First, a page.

After a few days at Occupy Wall Street, Ingram volunteered to help at the "comfort station." He passes out sleeping bags, coats and duffel bags to those who need them.
He came to the protest because he was heartened by the idea of people putting their complaints into action.
"The power in this country does not lie where it should," he said. "It's not with me, it's not with you. Power lies in the hands of the highest bidder."Meanwhile, he added, "most people are living paycheck to paycheck. People know that it's not right, yet they usually just sit back and complain and don't do anything."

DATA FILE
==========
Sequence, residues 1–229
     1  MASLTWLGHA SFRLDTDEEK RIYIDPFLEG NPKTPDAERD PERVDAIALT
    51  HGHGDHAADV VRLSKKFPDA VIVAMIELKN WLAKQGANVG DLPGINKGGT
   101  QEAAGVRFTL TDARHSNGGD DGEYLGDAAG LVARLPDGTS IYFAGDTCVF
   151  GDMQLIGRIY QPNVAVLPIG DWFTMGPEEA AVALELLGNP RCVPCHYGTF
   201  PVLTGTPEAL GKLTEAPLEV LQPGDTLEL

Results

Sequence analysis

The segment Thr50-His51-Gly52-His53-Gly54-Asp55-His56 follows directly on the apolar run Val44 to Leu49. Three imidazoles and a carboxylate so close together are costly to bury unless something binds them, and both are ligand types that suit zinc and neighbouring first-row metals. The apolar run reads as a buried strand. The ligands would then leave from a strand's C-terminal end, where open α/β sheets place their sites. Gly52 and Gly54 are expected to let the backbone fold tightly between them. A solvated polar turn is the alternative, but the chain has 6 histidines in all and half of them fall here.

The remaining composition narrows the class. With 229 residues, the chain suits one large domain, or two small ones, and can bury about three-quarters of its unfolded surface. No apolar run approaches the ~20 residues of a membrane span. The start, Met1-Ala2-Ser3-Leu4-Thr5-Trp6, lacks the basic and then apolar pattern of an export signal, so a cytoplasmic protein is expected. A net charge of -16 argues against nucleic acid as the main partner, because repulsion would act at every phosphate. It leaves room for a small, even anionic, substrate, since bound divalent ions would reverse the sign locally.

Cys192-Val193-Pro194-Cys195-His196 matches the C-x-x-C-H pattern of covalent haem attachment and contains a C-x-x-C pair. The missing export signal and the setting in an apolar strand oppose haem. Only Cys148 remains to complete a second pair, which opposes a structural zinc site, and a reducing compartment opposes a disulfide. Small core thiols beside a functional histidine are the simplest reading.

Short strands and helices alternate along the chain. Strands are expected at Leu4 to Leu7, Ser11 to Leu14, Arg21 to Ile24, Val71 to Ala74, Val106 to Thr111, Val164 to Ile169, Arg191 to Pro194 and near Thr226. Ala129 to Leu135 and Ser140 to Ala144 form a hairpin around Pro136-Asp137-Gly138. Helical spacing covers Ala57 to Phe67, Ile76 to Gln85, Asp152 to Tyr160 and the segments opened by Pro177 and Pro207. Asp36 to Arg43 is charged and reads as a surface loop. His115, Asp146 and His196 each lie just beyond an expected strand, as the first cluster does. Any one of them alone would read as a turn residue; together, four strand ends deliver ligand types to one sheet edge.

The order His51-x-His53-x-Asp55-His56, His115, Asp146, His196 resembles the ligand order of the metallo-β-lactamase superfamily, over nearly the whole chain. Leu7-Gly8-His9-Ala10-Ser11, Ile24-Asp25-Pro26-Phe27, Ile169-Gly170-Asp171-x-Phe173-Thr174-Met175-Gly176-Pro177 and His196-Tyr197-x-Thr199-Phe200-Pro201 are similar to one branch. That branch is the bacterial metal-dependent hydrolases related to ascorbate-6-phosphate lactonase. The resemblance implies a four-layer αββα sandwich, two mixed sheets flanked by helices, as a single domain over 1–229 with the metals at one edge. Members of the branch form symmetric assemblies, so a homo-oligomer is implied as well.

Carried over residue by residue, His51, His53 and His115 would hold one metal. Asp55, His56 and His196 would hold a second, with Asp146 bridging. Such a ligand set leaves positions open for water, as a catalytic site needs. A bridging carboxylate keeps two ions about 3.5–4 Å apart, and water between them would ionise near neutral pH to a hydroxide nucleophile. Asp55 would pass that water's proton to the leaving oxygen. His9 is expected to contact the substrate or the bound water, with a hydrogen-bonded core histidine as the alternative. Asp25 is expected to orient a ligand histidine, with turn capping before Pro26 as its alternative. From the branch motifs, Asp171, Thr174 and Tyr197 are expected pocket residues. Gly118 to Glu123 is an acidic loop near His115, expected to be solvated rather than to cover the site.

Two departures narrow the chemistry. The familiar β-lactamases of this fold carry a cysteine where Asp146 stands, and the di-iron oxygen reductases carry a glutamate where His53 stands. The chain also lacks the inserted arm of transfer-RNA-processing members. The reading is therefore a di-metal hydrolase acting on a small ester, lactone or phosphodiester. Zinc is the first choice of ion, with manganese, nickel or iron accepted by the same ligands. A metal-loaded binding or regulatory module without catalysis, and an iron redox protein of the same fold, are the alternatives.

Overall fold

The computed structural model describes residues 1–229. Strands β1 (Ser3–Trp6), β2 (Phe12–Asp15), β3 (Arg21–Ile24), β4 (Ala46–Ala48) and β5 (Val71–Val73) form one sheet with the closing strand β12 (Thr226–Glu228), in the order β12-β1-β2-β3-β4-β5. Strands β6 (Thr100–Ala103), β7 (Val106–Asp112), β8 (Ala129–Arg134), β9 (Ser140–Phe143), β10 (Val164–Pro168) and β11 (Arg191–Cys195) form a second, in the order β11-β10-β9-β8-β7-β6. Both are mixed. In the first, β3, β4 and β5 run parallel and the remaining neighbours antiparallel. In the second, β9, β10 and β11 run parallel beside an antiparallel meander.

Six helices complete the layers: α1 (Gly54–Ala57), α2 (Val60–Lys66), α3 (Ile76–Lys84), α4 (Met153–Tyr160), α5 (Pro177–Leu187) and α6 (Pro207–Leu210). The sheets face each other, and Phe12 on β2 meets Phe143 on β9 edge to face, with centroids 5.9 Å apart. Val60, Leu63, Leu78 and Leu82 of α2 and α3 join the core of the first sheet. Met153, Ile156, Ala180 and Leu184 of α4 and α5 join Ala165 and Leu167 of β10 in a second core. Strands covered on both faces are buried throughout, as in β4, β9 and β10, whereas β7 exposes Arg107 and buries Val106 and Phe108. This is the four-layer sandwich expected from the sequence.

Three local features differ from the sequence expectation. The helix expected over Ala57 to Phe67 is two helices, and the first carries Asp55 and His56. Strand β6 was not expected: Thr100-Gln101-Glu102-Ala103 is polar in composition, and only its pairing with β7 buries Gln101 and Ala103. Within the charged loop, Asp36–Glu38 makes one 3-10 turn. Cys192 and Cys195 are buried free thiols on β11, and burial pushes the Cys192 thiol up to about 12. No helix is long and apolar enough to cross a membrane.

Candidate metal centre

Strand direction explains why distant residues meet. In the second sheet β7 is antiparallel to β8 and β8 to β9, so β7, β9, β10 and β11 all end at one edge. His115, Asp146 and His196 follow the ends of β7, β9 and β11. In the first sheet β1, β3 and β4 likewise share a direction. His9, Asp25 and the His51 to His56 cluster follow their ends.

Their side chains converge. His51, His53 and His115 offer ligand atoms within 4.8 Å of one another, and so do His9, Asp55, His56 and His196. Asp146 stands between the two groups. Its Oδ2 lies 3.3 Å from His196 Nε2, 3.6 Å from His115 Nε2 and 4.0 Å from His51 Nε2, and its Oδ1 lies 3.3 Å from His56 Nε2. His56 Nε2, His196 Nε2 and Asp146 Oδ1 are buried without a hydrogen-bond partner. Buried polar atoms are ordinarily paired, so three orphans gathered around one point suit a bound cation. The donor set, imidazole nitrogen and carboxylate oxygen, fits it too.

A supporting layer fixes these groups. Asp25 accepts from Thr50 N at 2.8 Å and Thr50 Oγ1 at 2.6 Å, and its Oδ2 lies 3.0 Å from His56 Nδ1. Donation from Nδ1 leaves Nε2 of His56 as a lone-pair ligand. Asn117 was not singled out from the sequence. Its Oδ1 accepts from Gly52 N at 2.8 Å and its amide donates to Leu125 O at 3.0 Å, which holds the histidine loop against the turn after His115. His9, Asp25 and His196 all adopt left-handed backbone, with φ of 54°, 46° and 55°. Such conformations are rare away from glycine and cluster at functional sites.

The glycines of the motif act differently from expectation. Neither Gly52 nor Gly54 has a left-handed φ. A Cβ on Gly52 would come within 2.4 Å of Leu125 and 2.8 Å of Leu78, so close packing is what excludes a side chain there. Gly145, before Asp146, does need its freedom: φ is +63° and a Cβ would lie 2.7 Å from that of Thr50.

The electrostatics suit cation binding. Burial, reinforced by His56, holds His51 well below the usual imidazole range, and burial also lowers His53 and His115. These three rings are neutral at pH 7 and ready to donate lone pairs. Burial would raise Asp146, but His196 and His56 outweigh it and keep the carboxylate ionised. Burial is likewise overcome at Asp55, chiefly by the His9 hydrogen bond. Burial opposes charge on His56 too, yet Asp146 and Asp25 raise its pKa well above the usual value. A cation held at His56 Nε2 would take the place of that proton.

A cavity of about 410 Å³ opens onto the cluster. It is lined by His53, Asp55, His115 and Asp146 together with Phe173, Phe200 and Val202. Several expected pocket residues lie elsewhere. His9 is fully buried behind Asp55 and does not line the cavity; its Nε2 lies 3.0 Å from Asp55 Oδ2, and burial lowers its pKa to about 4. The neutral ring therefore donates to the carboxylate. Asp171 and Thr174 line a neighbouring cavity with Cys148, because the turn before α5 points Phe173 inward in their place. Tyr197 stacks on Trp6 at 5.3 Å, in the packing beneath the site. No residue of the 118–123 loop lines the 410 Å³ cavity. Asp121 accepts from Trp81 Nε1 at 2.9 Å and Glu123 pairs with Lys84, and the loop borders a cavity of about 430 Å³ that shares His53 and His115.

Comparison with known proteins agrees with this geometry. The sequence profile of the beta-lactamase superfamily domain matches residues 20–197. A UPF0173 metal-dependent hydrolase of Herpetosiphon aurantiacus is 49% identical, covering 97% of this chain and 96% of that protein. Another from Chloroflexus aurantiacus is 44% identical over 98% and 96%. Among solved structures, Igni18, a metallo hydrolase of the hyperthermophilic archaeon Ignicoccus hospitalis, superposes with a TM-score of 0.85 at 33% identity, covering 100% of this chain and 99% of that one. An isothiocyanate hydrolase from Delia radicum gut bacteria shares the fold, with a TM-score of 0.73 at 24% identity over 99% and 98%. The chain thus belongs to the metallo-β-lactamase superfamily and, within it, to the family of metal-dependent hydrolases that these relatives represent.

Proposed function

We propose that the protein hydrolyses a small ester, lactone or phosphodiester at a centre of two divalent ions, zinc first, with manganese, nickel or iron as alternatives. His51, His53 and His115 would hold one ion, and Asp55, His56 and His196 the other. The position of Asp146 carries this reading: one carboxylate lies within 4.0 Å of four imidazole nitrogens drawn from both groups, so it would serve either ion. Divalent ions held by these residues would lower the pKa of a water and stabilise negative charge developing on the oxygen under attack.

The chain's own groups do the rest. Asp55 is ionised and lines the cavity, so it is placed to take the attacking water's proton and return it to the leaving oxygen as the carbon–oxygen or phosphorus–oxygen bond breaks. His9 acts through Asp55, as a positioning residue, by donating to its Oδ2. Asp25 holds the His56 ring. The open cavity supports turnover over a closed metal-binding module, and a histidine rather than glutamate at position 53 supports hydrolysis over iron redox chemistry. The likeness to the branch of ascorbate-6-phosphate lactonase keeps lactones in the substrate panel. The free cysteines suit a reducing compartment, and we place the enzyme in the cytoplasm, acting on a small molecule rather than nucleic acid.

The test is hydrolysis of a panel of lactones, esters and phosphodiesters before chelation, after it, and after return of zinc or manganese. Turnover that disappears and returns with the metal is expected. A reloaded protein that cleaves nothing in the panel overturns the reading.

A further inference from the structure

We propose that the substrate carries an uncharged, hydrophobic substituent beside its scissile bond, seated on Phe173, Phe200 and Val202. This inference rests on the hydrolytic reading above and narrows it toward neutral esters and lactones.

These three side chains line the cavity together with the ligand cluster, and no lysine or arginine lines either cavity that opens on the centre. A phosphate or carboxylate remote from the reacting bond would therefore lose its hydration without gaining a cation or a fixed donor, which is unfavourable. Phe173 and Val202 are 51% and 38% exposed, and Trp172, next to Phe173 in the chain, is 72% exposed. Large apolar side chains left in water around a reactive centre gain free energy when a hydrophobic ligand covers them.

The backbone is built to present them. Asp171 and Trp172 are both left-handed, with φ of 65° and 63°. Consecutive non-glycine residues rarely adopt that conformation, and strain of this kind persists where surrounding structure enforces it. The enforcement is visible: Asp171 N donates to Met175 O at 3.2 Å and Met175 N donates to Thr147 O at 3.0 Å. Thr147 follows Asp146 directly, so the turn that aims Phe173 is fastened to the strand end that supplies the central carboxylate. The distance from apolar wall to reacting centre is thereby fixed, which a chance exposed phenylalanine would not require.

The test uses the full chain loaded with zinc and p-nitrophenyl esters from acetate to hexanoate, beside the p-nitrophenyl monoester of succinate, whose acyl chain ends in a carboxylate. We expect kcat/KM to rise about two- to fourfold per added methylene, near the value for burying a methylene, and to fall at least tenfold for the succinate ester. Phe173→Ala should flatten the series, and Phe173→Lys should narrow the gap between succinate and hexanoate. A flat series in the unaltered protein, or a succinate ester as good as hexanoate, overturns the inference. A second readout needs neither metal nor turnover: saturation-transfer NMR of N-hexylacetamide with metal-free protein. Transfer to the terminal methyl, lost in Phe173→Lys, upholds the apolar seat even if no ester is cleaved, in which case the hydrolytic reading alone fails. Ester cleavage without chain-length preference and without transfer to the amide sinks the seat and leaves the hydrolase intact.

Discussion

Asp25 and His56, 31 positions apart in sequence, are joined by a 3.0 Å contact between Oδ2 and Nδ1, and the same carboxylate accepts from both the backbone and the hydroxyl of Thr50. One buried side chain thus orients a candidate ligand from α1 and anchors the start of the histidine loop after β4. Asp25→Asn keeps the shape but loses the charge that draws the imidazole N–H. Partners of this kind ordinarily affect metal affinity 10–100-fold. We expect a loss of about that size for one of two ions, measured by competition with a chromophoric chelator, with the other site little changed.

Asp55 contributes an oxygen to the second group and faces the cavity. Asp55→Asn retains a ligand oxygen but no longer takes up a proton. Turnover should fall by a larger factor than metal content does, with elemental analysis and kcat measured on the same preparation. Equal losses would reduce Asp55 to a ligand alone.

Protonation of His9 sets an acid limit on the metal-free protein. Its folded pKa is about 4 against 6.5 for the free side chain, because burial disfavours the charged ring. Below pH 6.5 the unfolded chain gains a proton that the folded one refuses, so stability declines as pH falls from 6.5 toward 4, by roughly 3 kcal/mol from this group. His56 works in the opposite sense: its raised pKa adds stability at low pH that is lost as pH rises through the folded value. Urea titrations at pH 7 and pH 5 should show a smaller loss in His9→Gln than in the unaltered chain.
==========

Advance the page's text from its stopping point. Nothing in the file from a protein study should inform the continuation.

With Occupy Wall Street, Ingram said, people are coming out and voicing their opinions.
"We're all here for different reasons, but we're standing united with common ideals," he said. "Whether our goals are met or destroyed, we're all better people for having been here."
A social-media fueled plan to #OccupyWallStreet brought hundreds of protesters to Manhattan's financial center starting Saturday, Sept. 17.
|Homeless college students seek shelter during breaks|
|GM names Mary Barra as new CEO|
|Snowden docs had NYTimes exec fearing for his life|
|Don't fight it. Bitcoin has a bright future|
|America's economic mobility myth|